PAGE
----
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What's wrong with this code ?

I always get a

Object synchronization method was called from an unsynchronized block of code

Exception on

System.Threading.Monitor.Exit(m_sqlConnection)

But... It doesn't matter whether I put the Monitor statement inside or outside the try-catch-finally-block, in any combination, I always get this exception.

That is, after I compiled the code. If I let it run again after getting the first exception, it works fine... It's always after recompilation...

Public Shared Function GetDataTable(ByRef strSQL As String, ByRef dt As System.Data.DataTable, Optional ByRef strTableName As String = "ThisTable") As Integer
            Dim daQueryTable As System.Data.SqlClient.SqlDataAdapter = Nothing



            Try
                System.Threading.Monitor.TryEnter(m_sqlConnection, 5000)

                If isDataBaseConnectionOpen() = False Then OpenSQLConnection()


                daQueryTable = New System.Data.SqlClient.SqlDataAdapter(strSQL, m_sqlConnection)
                dt = New System.Data.DataTable(strTableName)

                daQueryTable.Fill(dt)
            Catch ex As Exception
                Log(ex)
                Return -1
            Finally
                m_sqlConnection.Close()
                System.Threading.Monitor.Exit(m_sqlConnection)
                daQueryTable.Dispose()
                daQueryTable = Nothing
            End Try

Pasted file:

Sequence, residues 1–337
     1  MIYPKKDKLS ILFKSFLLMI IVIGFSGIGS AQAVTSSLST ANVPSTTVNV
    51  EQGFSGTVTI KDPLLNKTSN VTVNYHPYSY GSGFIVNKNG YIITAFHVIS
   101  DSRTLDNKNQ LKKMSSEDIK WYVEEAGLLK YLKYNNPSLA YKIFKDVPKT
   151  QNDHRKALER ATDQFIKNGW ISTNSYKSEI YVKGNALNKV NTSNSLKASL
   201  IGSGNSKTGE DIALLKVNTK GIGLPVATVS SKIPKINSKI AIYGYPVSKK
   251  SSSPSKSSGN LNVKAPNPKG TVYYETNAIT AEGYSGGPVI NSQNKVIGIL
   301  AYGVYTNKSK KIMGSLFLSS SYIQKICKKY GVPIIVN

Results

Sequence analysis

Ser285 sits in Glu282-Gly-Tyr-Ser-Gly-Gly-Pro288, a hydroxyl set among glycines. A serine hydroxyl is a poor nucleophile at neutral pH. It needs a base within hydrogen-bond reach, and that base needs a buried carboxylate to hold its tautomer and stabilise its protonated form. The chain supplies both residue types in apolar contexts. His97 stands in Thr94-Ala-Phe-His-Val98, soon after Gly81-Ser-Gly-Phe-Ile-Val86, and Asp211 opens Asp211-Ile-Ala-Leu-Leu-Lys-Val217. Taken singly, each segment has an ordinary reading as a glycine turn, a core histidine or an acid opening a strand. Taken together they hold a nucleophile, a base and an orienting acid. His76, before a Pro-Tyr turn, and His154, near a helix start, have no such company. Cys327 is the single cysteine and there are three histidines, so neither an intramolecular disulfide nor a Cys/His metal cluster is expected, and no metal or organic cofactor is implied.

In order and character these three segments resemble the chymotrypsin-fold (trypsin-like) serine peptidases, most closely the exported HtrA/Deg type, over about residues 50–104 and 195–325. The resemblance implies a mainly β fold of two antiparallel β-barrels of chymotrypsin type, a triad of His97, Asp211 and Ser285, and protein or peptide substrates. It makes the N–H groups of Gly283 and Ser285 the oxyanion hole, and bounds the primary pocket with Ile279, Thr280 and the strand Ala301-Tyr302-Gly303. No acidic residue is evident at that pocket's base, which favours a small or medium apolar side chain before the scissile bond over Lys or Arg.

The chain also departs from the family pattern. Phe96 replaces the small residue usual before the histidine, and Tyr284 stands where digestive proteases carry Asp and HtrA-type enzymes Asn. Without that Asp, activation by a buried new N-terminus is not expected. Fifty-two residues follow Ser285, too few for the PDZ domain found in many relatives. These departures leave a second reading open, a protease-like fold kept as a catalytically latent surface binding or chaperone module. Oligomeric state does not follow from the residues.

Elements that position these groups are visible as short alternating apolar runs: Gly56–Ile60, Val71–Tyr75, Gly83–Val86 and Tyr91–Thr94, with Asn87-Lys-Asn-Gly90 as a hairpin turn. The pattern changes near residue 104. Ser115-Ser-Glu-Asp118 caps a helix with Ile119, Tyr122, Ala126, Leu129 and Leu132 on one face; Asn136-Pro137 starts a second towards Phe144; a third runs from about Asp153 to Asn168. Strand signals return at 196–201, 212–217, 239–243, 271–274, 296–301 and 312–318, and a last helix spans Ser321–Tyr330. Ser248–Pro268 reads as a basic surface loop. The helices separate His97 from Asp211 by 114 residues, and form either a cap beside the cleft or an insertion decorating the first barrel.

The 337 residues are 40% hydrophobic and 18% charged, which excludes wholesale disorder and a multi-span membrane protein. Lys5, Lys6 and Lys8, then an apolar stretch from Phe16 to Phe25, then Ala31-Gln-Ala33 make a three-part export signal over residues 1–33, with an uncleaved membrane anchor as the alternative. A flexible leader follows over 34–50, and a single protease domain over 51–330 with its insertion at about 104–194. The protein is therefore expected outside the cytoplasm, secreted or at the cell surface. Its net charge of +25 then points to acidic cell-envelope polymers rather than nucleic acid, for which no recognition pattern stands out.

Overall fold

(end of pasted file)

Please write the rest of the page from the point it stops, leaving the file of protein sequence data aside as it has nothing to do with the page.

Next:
Return dt.Rows.Count
        End Function ' GetDataTable

C# version:

public static int GetDataTable(ref string strSQL, ref System.Data.DataTable dt, ref string strTableName = "ThisTable")
{
    System.Data.SqlClient.SqlDataAdapter daQueryTable = null;



    try {
        System.Threading.Monitor.TryEnter(m_sqlConnection, 5000);

        if (isDataBaseConnectionOpen() == false)
            OpenSQLConnection();


        daQueryTable = new System.Data.SqlClient.SqlDataAdapter(strSQL, m_sqlConnection);
        dt = new System.Data.DataTable(strTableName);

        daQueryTable.Fill(dt);
    } catch (Exception ex) {
        Log(ex);
        return -1;
    } finally {
        m_sqlConnection.Close();
        System.Threading.Monitor.Exit(m_sqlConnection);
        daQueryTable.Dispose();
        daQueryTable = null;
    }

    return dt.Rows.Count;
} // GetDataTable
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2 Answers 2

up vote 5 down vote accepted

You're calling TryEnter, but ignoring the result - so you're going to try to exit the monitor even if you don't own it. You should take appropriate action if TryEnter returns false, such as exiting the method.

share|improve this answer
    
Hmm, in other words, TryEnter doesn't throw after timeout. Damn... But found the error: I lock on OpenSQLConnection, but never unlock. –  Stefan Steiger Jun 17 '11 at 7:26
1  
@Quandary: No, it returns a value. Always check the documentation :) Either way your code is broken though - you'd still hit the finally block and try to close the connection, then exit the lock. (Actually, closing the connection if you haven't acquired the lock would be awful - you could be closing a connection that someone else is using...) –  Jon Skeet Jun 17 '11 at 8:13

Since the lock statement is a shortcut for Monitor.Enter and Monitor.Exit, I would recommend that you simple use the lock statement and ignore the Monitor classes.

share|improve this answer
2  
And since the lock statement has no timout (in case I'm wrong, it's a very very high one), such as TryEnter, I would recommend that you use TryEnter instead of lock. –  Stefan Steiger Jun 17 '11 at 18:22

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